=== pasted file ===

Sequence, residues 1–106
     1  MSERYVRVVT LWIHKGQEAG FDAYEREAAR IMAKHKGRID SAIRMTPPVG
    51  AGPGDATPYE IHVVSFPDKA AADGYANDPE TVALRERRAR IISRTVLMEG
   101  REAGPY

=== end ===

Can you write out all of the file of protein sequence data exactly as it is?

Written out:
Sequence, residues 1–106
     1  MSERYVRVVT LWIHKGQEAG FDAYEREAAR IMAKHKGRID SAIRMTPPVG
    51  AGPGDATPYE IHVVSFPDKA AADGYANDPE TVALRERRAR IISRTVLMEG
   101  REAGPY